Use of Rna-based technologies for targeted gene silencing in cereals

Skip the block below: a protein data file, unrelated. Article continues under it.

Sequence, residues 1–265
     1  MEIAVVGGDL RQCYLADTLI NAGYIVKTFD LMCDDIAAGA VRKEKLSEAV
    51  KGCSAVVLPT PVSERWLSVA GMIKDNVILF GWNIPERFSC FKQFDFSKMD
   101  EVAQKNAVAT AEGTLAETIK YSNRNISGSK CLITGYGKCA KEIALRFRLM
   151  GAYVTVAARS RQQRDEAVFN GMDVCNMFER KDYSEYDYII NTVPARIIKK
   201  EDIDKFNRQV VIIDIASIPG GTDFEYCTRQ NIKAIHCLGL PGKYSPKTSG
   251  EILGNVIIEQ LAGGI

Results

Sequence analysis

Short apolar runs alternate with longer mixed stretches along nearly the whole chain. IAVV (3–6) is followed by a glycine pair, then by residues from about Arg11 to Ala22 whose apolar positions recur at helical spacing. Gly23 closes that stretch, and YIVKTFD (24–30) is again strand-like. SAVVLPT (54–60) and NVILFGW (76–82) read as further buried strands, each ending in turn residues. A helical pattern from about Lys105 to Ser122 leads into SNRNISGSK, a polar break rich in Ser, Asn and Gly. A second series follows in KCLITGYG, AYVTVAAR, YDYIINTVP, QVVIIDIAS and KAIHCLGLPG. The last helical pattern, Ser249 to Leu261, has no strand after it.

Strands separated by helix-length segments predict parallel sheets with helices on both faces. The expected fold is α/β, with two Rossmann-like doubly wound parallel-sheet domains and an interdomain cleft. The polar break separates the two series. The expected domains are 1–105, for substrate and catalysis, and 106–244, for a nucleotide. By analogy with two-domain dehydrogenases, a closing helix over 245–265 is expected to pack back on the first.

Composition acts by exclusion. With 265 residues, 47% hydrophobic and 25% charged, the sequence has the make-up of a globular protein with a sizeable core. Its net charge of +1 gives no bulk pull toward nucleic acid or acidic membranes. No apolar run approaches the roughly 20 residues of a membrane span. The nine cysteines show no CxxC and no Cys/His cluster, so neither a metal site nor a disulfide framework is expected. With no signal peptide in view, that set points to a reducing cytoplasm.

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Gene silencing techniques are essential to study gene function and produce crops with desired agronomic traits. Over the past decade, RNA interference (RNAi)-based methods involving experimental modulation of gene expression at the post-transcriptional level have only allowed partial gene silencing. Recently, new biotechnological tools, in particular CRISPR/Cas-based technologies, have become available for precise gene editing. The RNA-directed Cas9 nuclease introduces heritable precise insertions and deletions into the eukaryotic genome that can result both in altered gene function or complete disruption of the codon reading frame. In this work, an in-depth analysis of the technical aspects and applications of CRISPR/Cas9 and RNAi technologies is performed on the cereal model plant barley (Hordeum vulgare). In addition to further evidence for the potential application of RNAi and Cas9-mediated gene silencing, the work also uncovered new roles of Non-expressor of PR1 (NPR1) and the Microrchidia (MORC) protein family in the interaction of barley with microbial pathogens. Specifically, CRISPR/Cas9 was established for precise gene editing in barley and applied to two members of the epigenetically active MORC family. Whereas, the RNAi tool was used to generate barley plants with partial immunodeficiency driven by NPR1 knockdown. After Agrobacterium-mediated transformation, the MORC and NPR1 mutants were functionally characterized and their effects were investigated in plant-microbe interaction and modulation of plant fitness. In CRISPR/Cas9-mediated MORC knockout mutants, we elucidated role of different MORC family members in regulating plant immunity to a broad range of plant pathogens and their role in genome stability. In RNAi-silenced NPR1 plants, its function was investigated during the establishment of the mutualistic symbiosis between barley and the beneficial Alphaproteobacterium Rhizobium radiobacter F4 and in induced systemic resistance (ISR). The results presented here suggest that MORC proteins and NPR1 are involved in modulating disease resistance and plant fitness. This reveals potential gene candidates that may contribute to the development of new breeding strategies for higher-yielding and more resistant barley varieties.




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